Black Panther holds on to the box office for a fifth weekend buff.ly/2G5OXCl https://t.co/SiyuEQbGaF
I’ve been doing a lot of coverage lately of this whole Facebook Beacon debacle. I honestly can’t fathom what they were thinking when they came up with this whole thing.
For those not up to speed, back on November 6th, Facebook announced the launch of “Beacon”, a social advertising initiative that partnered with large websites like Fandango.com and Epicurious.com. The idea is that as you interact with these other sites, the information shows up in your News Feed on Facebook, showing your friends the sites you interact with, and acting as a form of endorsement, or advertisement.
Well, the laundry list of issues this has raised is amazing. (pardon me while I link to some of the stories I’ve written about it)
New York state is looking in to the legalities of the system – It seems that under New York state law, you can not include someone in an advertisement without their express permission. This also applies to the new “Fan Of” feature for Facebook Pages. If you become a “fan” of a business profile on Facebook, it shows up in your News Feed.
MoveOn.org has privacy concerns – People are complaining about the information shared with their friends, and MoveOn took up the banner to raise the concerns also. I’m sorry, but no one needs to know what I’m spending my money on. Not my friends, and certainly not Facebook.
Some concessions on opting-out… but not really – On Thursday of this week, Facebook said they would make some concessions to the system, but when you read the finer details… not really. The system now asks “Do you want to share this?” (which it always did) Under the old system, if you did nothing, it took that as a “yes”. Now the system will ask you again on Facebook if you want to share it, but if you take no action within two days, it still counts as a “yes”.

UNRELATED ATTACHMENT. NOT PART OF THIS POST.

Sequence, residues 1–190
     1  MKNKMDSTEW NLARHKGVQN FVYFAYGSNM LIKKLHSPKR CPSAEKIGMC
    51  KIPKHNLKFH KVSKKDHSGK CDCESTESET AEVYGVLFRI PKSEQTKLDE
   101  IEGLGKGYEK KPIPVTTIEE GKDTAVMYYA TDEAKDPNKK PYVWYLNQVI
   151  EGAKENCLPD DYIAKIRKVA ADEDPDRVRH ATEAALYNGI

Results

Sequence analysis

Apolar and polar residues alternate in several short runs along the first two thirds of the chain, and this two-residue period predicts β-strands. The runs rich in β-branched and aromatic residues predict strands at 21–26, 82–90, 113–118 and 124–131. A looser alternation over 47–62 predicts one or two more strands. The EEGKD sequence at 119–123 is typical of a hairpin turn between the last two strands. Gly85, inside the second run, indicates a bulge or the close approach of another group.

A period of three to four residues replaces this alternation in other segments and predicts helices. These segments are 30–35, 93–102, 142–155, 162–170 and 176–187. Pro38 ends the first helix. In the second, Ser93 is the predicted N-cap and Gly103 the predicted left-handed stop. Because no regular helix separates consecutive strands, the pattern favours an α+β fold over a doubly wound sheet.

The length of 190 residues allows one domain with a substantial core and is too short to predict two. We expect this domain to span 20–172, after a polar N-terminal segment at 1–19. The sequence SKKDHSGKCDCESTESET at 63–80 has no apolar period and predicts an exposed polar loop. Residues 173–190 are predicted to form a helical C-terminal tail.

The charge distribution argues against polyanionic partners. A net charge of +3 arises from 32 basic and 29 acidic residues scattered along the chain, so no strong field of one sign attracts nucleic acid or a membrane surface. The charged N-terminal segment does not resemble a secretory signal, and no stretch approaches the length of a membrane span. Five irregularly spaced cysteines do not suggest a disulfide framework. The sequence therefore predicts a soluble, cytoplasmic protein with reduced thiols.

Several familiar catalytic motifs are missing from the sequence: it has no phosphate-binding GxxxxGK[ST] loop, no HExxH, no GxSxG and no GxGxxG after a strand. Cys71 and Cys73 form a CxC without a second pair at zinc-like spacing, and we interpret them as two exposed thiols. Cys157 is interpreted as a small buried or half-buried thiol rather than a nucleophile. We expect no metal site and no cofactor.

And now… the advertisers are saying Facebook lied to them – Now it has come out that the companies that partnered up with Facebook in this plan were told that it would be an “opt-in” system, or at least had it implied to them. Coca-Cola, which was to be one of the key companies involved, has held off it’s support until they see how it shakes out, and they are one of the ones saying they were misled by Facebook.
So, in short, what are they doing? Are they just so full of themselves and their rapid success that they feel they can do just about anything they want? Facebook is playing in the big leagues now, it’s time they acted like it. And I’m sorry, but anything that collects my personal information should be an opt-in system, NOT an opt-out one. This is my personal information, I should not have to exert any effort to withhold sharing it.
What’s everyone else think? Have they gone too far?